By Clellie Allen
ROLESVILLE — Around 70 townsfolk, including some two dozen veterans, joined Rolesville Mayor Frank Eagles, town commissioners and staff to dedicate the first permanent veterans memorial in Rolesville Friday morning.
The simple, but arresting, polished granite marker has the seals of all five branches of service — Army, Navy, Air Force, Marines and Coast Guard. It is located, along with a flag pole, in the heart of Rolesville’s old downtown, at the intersection of Main and Young streets.
“I wanted us to have a veterans memorial,” Eagles told those gathered. “Rolesville needs to have one. The message to our local veterans is that they’re thought of and that they’re honored,” he said.
Eagles related that originally, Town Manager Bryan Hicks was looking at places like Main Street Park for a memorial place. But then Puffs, which was located at the intersection, went out of business, the building was removed and the highly visible corner became the ideal location.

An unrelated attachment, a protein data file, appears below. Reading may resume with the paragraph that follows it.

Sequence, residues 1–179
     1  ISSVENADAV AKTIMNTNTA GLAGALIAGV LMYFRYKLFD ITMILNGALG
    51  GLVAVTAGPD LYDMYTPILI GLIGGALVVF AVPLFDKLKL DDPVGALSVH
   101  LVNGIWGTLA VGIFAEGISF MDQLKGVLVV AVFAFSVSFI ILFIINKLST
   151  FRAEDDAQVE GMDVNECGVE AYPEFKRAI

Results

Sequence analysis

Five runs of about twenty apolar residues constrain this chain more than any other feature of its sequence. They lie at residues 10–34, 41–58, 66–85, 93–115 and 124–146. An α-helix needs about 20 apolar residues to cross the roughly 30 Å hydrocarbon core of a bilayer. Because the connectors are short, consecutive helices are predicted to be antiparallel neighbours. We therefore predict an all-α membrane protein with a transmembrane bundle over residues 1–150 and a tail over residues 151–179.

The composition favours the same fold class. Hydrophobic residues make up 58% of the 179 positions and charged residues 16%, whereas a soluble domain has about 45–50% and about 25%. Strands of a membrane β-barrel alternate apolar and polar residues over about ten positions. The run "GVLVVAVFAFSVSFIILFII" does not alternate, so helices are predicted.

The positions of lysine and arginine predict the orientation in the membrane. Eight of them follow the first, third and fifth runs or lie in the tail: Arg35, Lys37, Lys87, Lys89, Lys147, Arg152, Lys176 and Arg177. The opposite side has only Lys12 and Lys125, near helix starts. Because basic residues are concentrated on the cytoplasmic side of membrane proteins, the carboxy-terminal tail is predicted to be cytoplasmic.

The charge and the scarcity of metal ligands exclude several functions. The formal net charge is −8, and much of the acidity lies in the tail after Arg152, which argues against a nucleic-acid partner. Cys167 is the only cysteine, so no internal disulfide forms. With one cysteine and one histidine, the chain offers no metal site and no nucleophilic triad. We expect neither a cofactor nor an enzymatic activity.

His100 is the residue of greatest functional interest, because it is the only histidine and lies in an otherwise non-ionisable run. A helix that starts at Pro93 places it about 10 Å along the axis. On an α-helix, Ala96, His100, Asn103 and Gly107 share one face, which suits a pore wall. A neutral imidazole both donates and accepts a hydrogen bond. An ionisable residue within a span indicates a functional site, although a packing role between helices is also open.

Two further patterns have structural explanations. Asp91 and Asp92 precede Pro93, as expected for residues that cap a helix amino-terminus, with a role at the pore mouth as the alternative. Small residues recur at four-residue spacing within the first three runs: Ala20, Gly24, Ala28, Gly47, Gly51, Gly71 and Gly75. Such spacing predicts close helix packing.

“We decided this was the perfect place — right in the heart of downtown,” said Eagles.
Ron Bartholomew, of Rolesville-based Wake Monument Company, designed and carved the marker for the town.
“I asked for it by Memorial Day and Wednesday, it was put in,” Eagles said.
Eagles can speak about veterans affairs with personal knowledge as he served in the U.S. Army from 1968 to 1969.
“I was lucky. I didn’t get sent to Vietnam,” he said. “I got sent to the Everglades in Florida to watch Castro. Two of us out of a whole basic training outfit did that. Everyone else went to Ft. Benning, Ga., and then to Vietnam.”
“They’re real heroes,” he said.
It’s clear that the memorial already means a great deal to some in the community.
As the dedication ceremony ended and most folks left, Rolesville resident Melissa Leuice walked up to the marker, clutching a memorial flag in a zippered case — the kind surviving relatives are given at a military funeral — and a small flag with a note attached.
She took a few moments to herself to stand and look at the monument before Rolesville Fire Chief Rodney Privette came over and quietly helped her put her flag into the ground in front of the granite marker.
As she grieved, Leuice told Privette her husband, former Vietnam veteran Lee R. Leuice, III, had died in October of 2014, at the age of 62, from complications related to the use of defoliant Agent Orange.
Her small memorial read, “In loving memory of Lee R. Leuice, III ... You are loved and missed. May you rest in peace.”